Using Simulation Games as an Experiential Learning Technique: Transforming Political Culture of African American Males
Dr. Hasan Crockett.
In the post Civil Rights and Black Nationalist movement era, the African American male’s attitudes, beliefs, and values about politics and the political system are too often the result of passive interactions with the dominant American culture. Therefore, one task for institutions educating African American males is to encourage the creation of a new, liberating political attitude. However, traditional education methods resemble the dominant/subgroup relations—the teacher is the sender of information while students are the passive receivers. Students are to absorb and regurgitate “knowledge.” These methods are detached from life and often have little relevance to the real world promoting privatized learning and discouraging a collective approach to learning.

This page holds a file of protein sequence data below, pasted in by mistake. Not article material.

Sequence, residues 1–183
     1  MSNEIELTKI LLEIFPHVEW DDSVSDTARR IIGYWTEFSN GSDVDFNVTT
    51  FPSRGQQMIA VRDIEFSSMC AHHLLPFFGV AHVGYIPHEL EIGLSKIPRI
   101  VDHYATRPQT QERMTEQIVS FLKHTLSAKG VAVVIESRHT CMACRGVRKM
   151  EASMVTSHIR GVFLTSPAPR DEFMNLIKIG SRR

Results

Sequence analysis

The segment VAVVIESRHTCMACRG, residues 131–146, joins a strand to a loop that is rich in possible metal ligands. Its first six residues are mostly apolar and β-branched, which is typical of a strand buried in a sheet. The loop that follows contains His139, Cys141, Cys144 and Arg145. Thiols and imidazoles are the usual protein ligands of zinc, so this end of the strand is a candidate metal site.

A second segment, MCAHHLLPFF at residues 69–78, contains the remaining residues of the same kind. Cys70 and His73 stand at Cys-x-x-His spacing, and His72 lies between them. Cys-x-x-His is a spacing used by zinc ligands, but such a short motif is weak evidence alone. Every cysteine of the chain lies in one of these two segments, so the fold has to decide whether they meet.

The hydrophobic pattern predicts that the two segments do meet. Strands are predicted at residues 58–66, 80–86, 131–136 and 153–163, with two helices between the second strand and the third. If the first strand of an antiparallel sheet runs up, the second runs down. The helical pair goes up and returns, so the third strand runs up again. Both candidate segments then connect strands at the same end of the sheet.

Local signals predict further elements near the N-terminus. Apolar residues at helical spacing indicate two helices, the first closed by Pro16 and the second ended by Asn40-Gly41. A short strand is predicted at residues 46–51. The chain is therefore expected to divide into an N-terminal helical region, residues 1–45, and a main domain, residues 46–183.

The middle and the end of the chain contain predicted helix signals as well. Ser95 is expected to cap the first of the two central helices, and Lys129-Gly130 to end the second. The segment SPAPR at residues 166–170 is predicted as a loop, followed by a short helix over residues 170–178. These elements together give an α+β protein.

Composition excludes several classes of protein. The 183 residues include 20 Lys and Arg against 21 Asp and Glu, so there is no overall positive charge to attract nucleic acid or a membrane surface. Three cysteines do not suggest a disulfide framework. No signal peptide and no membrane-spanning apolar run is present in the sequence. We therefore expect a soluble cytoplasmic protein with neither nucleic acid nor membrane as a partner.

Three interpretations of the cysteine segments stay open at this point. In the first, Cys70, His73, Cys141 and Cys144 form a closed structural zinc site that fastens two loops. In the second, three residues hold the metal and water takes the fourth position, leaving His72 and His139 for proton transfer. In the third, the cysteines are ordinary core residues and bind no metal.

On the other hand, experiential learning promotes the growth and development of the whole student. This paper discusses how simulation games are active methods making the real world experience the starting point of learning. Teachers are facilitators in concert with their students, connected to the real political world; they are concerned with the development of the whole student de-valuing the absorption model and encouraging the creation of original knowledge. This kind of learning values opinions, values, and perspectives more than facts.
Dr. Hasan Crockett (United States)
Assistant Professor, Director Brisbane Institute
(30 min. Conference Paper, English)